I don’t think there is anyone in the 21st Century who isn’t aware and concerned about the effects of global warming on our planet. We’ve been hearing about it since the 1980s but, sadly, many people (including lawmakers) have been slow to do much about it. I’m guilty of this myself. But watching how my area of West Texas has become affected by climate changes in the past ten years (including more volatile weather during the spring months when tornado season hits and the heat wave we’ve been experiencing this year with most days over one hundred degrees), there is no doubt we are getting hit in the face with the consequences of modern human life and its toll on our planet.
The heat wave made me curious. After all, the Progressive Era was the doorway to our modern era in America, so I wanted to know how early 20th century Americans viewed environmental changes and whether they were aware of and concerned about the dangers. It turns out they were. In fact, there was an entire movement during the Progressive Era devoted to environmental issues. However, like the women’s movement, their focus was more on basic problems while the 21st century presents us with more complex problems.
As you may recall, suffragists’ first priority was to gain the vote. Their efforts were focused mainly on getting the 19th amendment passed (which happened in 1920). It was second and third-wave feminists who dealt with (and are still dealing with) the more complex issues of women’s reproduction rights, sexual harassment, equality in the workplace, and many more.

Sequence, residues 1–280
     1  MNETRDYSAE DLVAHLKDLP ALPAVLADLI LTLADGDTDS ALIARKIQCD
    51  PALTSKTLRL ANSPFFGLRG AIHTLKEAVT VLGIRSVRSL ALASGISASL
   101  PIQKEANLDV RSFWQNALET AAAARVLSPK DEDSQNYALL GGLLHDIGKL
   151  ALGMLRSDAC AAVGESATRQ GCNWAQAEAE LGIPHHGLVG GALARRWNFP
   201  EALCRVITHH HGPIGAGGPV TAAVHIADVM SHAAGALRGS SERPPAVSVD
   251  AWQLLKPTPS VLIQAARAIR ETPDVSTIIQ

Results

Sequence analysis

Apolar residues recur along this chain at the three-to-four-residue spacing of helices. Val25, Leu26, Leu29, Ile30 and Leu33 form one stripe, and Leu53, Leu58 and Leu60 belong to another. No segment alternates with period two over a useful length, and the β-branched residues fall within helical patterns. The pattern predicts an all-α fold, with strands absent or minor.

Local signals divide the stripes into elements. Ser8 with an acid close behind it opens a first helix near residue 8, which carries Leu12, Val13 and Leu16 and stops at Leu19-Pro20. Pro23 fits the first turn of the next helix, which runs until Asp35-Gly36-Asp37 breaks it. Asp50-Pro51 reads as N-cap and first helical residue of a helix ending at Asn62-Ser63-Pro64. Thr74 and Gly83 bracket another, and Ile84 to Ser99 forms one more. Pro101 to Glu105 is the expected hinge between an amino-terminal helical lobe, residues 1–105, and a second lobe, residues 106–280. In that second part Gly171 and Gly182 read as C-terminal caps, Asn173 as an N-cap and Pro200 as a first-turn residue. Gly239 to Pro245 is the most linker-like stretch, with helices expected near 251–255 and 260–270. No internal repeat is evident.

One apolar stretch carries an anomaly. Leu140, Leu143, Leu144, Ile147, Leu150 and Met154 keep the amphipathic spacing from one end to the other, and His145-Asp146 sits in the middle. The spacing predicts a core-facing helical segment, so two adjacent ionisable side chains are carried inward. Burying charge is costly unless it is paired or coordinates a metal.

With the environment, the more complex issues we’re dealing with today (such as carbon footprints, global warming, and recycling) weren’t on the agenda. Instead, environmentalism largely focused on conservation. These were issues such as making sure there were laws in place to preserve forests and timber for rural growth, poaching, and better access to clean water and sewage in big cities. Keep in mind the 19th century saw a lot of movement from rural areas to cities and growth in bigger cities, which made it necessary to put preserving natural resources and land on the agenda.
Photo credit: Theodore Roosevelt (third from the left) and environmentalist John Muir (second from the right) in “The Land of the Giants” at Yellowstone National Park, 1903, Harvard College Library: Adventure George/Flickr/Public Domain Mark 1.0
We were lucky we had an ally in the highest form of government: President Theodore Roosevelt. I mention here how Roosevelt was a great outdoorsman, and he was also a responsible one. He had a great concern for the environment and, under his administration, there were laws passed to preserve natural resources and make sure big businesses didn’t exploit and drain our natural resources.
In my Adele Gossling Mysteries, Adele’s sidekick, clairvoyant Nin Branch plays the role of the environmentalist. She isn’t involved in the conservation movement officially (though as the series progresses, who can tell?) but she has a deep connection to the environment and to animals (in Book 4, the book I’m working on right now, she does no less than charm a lion!) and a great concern about natural resources. She knows the potency of the earth and also its gifts and uses that knowledge in Book 2 of the series.
Speaking of Book 2, A Wordless Death just came out last week! You can find out where here.
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